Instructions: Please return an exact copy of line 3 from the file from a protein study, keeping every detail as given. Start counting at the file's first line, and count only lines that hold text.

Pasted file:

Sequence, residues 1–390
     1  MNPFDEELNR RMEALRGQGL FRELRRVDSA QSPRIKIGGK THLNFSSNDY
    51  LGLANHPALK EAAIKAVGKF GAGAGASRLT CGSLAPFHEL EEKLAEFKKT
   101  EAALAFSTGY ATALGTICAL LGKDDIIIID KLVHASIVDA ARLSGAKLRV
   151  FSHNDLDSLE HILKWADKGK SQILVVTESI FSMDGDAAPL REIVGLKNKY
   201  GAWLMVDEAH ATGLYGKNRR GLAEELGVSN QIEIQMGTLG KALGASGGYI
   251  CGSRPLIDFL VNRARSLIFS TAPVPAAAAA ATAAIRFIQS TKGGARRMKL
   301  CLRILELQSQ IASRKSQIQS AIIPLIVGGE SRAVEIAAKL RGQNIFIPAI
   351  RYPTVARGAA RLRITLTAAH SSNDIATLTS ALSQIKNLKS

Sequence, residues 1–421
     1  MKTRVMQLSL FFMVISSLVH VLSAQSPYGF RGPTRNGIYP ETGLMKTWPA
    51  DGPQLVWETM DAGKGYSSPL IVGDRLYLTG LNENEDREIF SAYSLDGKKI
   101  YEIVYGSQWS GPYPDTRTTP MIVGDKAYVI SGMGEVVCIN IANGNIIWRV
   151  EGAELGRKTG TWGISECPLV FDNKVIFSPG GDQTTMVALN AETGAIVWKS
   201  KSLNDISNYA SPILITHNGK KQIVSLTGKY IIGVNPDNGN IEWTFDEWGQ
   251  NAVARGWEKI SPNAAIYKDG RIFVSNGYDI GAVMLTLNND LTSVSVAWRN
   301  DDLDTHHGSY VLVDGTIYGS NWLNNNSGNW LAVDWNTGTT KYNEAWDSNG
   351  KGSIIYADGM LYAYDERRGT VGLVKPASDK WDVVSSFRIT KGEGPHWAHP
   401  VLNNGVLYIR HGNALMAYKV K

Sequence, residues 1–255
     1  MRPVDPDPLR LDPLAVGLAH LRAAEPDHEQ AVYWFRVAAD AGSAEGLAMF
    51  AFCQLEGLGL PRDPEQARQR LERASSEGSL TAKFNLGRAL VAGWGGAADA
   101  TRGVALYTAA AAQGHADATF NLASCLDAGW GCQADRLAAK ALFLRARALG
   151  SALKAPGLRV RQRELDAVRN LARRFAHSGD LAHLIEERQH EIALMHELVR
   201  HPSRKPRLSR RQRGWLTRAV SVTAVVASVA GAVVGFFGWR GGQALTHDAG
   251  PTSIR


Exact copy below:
    51  LGLANHPALK EAAIKAVGKF GAGAGASRLT CGSLAPFHEL EEKLAEFKKT